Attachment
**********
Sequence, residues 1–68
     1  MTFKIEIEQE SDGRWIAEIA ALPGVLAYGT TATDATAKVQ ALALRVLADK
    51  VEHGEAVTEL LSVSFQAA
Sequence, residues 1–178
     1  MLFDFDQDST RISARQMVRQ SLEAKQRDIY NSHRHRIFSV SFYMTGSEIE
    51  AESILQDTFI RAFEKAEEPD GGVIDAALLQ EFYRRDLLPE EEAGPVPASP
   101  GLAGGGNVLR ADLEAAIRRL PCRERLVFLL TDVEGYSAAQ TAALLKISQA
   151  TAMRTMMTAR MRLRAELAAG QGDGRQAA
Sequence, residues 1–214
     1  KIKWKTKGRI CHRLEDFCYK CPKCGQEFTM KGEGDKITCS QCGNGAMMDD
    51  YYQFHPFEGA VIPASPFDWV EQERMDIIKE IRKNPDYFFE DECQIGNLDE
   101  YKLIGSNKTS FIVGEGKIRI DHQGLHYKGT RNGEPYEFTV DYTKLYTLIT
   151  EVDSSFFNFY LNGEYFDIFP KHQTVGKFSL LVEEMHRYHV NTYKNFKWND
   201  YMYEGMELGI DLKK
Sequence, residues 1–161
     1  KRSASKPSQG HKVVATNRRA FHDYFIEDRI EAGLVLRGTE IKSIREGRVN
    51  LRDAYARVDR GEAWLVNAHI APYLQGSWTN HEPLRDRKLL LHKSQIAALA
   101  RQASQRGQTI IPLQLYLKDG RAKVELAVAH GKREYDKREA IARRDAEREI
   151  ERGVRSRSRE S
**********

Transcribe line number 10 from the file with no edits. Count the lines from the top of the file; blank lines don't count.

     1  KIKWKTKGRI CHRLEDFCYK CPKCGQEFTM KGEGDKITCS QCGNGAMMDD